The sustained success in recruitment and improvement of players such as Maupay, as well as other success stories from within England – the likes of James Tarkowski and Andre Gray coming to light from within the club – has given Brentford a reputation in the game, not just within the transfer market, but as an attractive destination for young players. The club’s pulling power has improved greatly, while the progression of the side and increasing profits have enabled the Bees to shop in a more premium market, being able to afford and tempt a higher level of young talent.

This summer, Brentford broke their transfer record a number of times, with the £5.8 million signing of Bryan Mbeumo setting a club record. While the signing of Mbeumo is reflective of a change in the calibre of player available – the winger not just costing a premium fee but also rejecting a number of ‘top 5’ league clubs to move to Brentford – the move does not see Brentford move away from the recruitment focus kept when operating on a far lower budget. Instead of settling for big names, the club simply moved for a high potential player with an even better reputation.

The data revolution pioneered by Matthew Benham’s Brentford has seen the recruitment world change massively, as clubs are able to assess more players than ever before with increased reliability. Yet even with the rapid developments in the game, people on the ground remain key within the club’s setup today. The Bees’ traditional recruitment staff, of which there are just two based in France, can identify potential in players in a way that the data does not show, giving an accurate assessment of players from watching games live. Continuing to find marginal gains, Brentford also gain a financial advantage from their use of live scouts, as their staff are able to build a relationship on a personal level with other clubs, relationships that can be utilised to cut out intermediaries from deals to improve the financial deals even further which is yet another strategy many other clubs have failed to implement.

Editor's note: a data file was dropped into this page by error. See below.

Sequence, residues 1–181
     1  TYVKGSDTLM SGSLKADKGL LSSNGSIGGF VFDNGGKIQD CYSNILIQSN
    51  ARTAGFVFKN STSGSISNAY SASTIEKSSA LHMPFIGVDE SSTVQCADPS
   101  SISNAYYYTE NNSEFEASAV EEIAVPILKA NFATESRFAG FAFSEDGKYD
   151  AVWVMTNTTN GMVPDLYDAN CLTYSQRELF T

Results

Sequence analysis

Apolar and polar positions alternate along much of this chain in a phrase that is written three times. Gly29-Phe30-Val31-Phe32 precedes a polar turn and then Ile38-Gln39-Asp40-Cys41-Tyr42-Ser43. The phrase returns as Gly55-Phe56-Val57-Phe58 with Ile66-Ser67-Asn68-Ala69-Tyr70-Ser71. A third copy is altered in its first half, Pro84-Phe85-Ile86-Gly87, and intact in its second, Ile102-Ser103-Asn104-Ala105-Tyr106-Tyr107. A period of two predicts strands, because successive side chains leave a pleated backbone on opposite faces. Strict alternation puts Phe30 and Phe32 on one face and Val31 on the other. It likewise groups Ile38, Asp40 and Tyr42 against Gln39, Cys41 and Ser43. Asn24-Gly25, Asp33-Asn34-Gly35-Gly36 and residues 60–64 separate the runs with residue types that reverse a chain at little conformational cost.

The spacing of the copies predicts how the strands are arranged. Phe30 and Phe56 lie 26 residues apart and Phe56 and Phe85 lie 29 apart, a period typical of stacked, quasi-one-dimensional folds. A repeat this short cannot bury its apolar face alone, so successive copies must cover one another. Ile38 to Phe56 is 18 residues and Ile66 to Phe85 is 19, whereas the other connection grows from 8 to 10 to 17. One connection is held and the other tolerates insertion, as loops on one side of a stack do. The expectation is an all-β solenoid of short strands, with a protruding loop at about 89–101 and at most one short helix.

The excellence of Brentford’s scouts can be shown through any one of their signings, the signing of Julian Jeanvier an excellent example of the advantages of their live scouting setup. Signed at 26 years of age, the centre-back was chosen for his current ability, as opposed to being a typical potential-based signing. Despite being an impressive centre-half with Reims in Ligue 2 as well as with former clubs in Ligue 1, Brentford were able to secure Jeanvier for just £1.8 million, and impressive signing for a small fee in for a position in which the data available can struggle to succeed. Jeanvier immediately became a key part of the back three, proving his worth in his first season at the club, and showing – despite the obvious value of data – that scouts can still provide a difference.

Brentford’s activity in France is through no specific preference to a region, and the club look for players all over Europe, but the value for money and the club’s reputation in the country make it an ideal place to shop. Brentford are run as a profitable club, with their wage bill one of the lowest in the league, which has natural benefits – but also means they can find themselves unable to offer wage increases to young players. The typical wage in France, however, Ligue 2 in particular, is much lower than in England – allowing Brentford to offer a below average wage for the Championship, while also massively improving upon their new signing’s previous deal. Furthermore, the success of the likes of Maupay and Benrahma – as well as Mbeumo’s appearances on French TV show ‘Pépites’, which has followed the winger’s journey as a young player moving to Brentford – has only further improved their pulling power in the region.

Brentford’s business in France and the rest of Europe has been of a high standard for a long time and shows no signs of change. While Brentford will always tweak and aim to improve their system, the core philosophy behind their recruitment will always remain a constant. With potential promotion to the Premier League on the cards, their reputation and financial situation may improve even further, in which case we could see the club move for a higher standard of player – but the feeling in the club is that the current structure, one that has brought such rich development, will stay for the foreseeable future.